The Catcher in the Rye

Sometimes the best books are the ones you just grab off the shelves just because you feel like it.

On Friday I was shelving books in the library where I work, and I had this beat up copy of The Catcher in the Rye in my hands and I just thought to myself– why not? This is one of those books that I’ve never read that I should have read by now (I’m looking at all y’all: Moby Dick, The Sun Also Rises, and The Red Badge of Courage). So, I picked it up with apprehension. On the one hand, The Catcher in the Rye has John Green’s seal of approval. On the other hand, I was really sure I was going to have to drag myself through this novel hating every minute of it (ahem, akin to my experience with The Great Gatsby). But this copy was an old, well-loved, 1951 edition, and, in the end, it was the physical heft of the book that made me take it home.

This has been such a pleasant surprise. The Catcher in the Rye  is fantastic. I love it. If I was a good reviewer like Jessica, I’d review it. Even though it’s a classic. Instead, I’m gonna just quote one of my favorite parts, about the Museum of Natural History. This is a long quote, but I promise that it’s worth it.

“The best thing, though, in that museum was that everything stayed right where it was. Nobody’d move. You could go there a hundred thousand times, and that Eskimo would be just finished catching those two fish, the birds would still be on their way south, the deers would still be drinking out of that water hole, with their pretty, skinny legs, and that squaw with the naked bosom would still be weaving the same blanked. Nobody’d be different. The only thing that would be different would be you. Not that you’d be so much older or anything. It wouldn’t be that, exactly. You’d just be different, that’s all. You’d have an overcoat on this time. Or the kid that was your partner in line the last time had got scarlet fever and you’d have a new partner. Or  you’d have a substitute taking the class instead of Miss Aigletinger. Or you’d heard your mother and father having a terrific fight in the bathroom. Or you’d just passed by one of those puddles in the street with gasoline rainbows in them. I mean you’d be different in some way — I can’t explain what I mean. And even if I could, I’m not sure I’d feel like it.”

This is poetry. This makes me understand why professors get all bent out of shape when someone says that poetry and prose are opposites. I love the way that this pivots, how you get all the detail about the Museum of Natural History and then it gives you the list of possible changes in a series of “or”s. Stasis followed by flux. And the images!! I don’t know. I just love it.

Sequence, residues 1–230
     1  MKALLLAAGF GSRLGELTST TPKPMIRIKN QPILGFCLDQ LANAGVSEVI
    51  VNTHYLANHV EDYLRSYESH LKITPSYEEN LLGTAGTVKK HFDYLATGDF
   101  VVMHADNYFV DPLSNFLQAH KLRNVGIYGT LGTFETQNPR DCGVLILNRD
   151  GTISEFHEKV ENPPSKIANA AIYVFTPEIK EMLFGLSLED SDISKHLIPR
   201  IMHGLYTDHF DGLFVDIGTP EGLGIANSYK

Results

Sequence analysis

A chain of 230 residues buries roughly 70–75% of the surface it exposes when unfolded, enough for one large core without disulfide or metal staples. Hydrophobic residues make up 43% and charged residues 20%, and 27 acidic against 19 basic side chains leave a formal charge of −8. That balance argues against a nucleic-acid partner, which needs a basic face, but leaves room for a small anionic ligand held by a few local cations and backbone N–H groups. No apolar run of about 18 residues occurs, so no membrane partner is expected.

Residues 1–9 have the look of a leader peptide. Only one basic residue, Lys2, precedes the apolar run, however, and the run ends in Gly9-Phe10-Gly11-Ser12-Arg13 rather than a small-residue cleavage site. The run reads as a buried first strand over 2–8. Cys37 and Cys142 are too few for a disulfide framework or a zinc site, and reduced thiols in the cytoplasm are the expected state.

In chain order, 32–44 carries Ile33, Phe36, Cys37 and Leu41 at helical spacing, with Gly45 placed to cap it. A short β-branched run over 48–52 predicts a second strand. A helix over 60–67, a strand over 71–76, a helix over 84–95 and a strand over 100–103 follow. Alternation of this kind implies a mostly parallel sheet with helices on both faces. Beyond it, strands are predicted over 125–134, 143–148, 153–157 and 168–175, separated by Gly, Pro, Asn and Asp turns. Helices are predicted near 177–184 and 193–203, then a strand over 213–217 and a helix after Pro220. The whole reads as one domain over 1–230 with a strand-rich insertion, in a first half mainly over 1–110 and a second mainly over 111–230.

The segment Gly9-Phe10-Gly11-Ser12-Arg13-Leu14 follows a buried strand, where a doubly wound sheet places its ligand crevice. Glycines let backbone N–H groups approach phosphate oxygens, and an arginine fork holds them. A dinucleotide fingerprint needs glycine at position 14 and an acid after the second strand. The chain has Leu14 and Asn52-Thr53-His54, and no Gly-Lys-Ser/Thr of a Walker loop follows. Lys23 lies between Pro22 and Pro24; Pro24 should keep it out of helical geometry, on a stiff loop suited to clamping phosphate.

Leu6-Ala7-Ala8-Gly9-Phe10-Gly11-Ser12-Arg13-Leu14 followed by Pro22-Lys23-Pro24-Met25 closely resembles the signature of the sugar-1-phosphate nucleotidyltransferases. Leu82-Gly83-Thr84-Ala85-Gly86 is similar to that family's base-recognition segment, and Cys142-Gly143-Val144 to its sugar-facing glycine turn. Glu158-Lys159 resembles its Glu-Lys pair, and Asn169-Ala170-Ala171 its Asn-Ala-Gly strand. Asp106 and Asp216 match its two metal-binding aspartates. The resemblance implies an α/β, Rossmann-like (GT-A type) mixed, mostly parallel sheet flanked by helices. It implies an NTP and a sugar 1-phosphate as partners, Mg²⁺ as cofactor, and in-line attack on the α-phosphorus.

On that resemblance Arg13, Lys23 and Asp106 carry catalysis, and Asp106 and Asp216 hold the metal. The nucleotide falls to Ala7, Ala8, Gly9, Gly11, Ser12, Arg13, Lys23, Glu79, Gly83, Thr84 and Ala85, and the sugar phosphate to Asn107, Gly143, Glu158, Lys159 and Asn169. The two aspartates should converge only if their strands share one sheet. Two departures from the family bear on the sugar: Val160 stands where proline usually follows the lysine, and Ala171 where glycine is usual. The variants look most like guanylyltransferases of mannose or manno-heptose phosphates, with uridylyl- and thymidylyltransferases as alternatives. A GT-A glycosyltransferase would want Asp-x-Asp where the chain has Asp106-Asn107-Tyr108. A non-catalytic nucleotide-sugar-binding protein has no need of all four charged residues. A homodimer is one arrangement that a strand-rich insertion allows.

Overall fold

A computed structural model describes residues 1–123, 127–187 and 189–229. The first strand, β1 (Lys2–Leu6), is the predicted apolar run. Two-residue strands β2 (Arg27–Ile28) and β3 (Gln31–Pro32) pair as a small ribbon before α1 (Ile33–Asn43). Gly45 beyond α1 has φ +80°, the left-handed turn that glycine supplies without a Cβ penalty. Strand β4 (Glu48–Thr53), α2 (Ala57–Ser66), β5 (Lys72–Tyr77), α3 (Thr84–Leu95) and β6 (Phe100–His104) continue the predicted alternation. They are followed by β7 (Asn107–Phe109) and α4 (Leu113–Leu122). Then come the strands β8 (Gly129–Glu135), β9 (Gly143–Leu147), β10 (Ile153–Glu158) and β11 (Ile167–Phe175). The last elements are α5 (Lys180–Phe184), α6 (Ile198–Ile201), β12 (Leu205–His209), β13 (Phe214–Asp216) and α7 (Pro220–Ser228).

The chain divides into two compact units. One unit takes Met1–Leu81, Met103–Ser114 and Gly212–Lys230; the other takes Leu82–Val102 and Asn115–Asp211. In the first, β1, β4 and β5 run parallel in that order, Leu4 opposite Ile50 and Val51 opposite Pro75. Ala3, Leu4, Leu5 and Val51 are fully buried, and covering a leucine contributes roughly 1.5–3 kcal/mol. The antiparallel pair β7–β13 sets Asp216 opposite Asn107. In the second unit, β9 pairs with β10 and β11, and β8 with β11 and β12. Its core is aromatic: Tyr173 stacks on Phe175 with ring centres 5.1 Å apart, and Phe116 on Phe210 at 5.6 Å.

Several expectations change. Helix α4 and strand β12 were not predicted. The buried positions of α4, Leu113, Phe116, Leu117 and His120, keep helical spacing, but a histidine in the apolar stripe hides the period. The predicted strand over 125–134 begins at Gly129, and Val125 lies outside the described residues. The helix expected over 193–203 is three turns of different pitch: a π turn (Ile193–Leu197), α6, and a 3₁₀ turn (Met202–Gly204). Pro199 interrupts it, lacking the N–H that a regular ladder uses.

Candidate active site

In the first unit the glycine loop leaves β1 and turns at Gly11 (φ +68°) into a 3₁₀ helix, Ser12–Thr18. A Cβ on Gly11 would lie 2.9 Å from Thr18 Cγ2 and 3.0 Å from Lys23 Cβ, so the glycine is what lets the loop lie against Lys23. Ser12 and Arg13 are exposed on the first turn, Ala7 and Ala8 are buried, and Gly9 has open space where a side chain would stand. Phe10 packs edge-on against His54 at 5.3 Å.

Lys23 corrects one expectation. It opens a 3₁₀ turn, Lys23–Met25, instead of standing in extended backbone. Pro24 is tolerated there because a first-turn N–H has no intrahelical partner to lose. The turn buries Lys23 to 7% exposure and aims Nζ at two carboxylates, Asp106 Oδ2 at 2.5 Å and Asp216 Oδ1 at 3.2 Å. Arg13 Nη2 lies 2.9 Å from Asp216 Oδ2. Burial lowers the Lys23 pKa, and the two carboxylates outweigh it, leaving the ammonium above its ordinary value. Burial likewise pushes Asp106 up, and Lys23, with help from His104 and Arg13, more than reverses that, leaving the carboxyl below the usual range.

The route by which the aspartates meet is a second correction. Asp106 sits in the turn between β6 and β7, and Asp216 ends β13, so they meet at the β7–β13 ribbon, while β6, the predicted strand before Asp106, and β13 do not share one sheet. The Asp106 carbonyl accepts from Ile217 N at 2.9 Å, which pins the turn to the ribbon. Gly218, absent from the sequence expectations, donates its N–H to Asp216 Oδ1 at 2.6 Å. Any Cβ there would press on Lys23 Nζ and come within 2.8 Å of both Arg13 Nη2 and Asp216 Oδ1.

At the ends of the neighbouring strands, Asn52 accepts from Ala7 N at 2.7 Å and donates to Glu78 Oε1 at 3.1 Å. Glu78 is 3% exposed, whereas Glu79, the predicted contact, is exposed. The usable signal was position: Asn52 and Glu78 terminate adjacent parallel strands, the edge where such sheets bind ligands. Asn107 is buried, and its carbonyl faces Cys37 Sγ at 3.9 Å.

The Catcher in the Rye has also made me sad in a way– this is a novel for a younger person. This is a novel I should have read 5 years ago. I feel like the teenager who picks up The Lion, the Witch, and the Wardrobe and doesn’t understand what all the fuss is about because they missed it as a kid. I mean, I obviously still love it, but I think that if I’d read this a few years ago it would have been more powerful in my life. Maybe I’d be a prose person instead of a poetry one. Oh my god, maybe I’d be writing a thesis on Virginia Wolfe (like everyone else in my program, it seems like) instead of on Yeats and Stevens. So, as a  newly minted grown-up (hah, it feels like a joke as I type it out), I love this book, but I wish that I’d found it earlier.

It’s the exact opposite of my experience reading Anna Karenina at 15. 15 is too young to read Tolstoy. Let me just put that out there right now. And I fully support 8 year olds reading books marked as college reading level and beyond, it’s not that. Tolstoy is just so… dogmatic and subtle. Maybe it was just the type of teenager I was, but I hated that book. I literally did not finish it, and I never do this. I am a book conqueror, people. I want to go back to it and see what I can get out of it now, but I am afraid that it will defeat me again. Or that I’ll still detest it.My mom had a similar experience with Moby Dick, she read it last year and loved it after reading it in High School and hating it.

Are there any books that you tried to read too young or ended up reading too late? Are there certain books for certain parts of your life? If so, is there a list compiled somewhere that I can follow?!


6 thoughts on “The Catcher in the Rye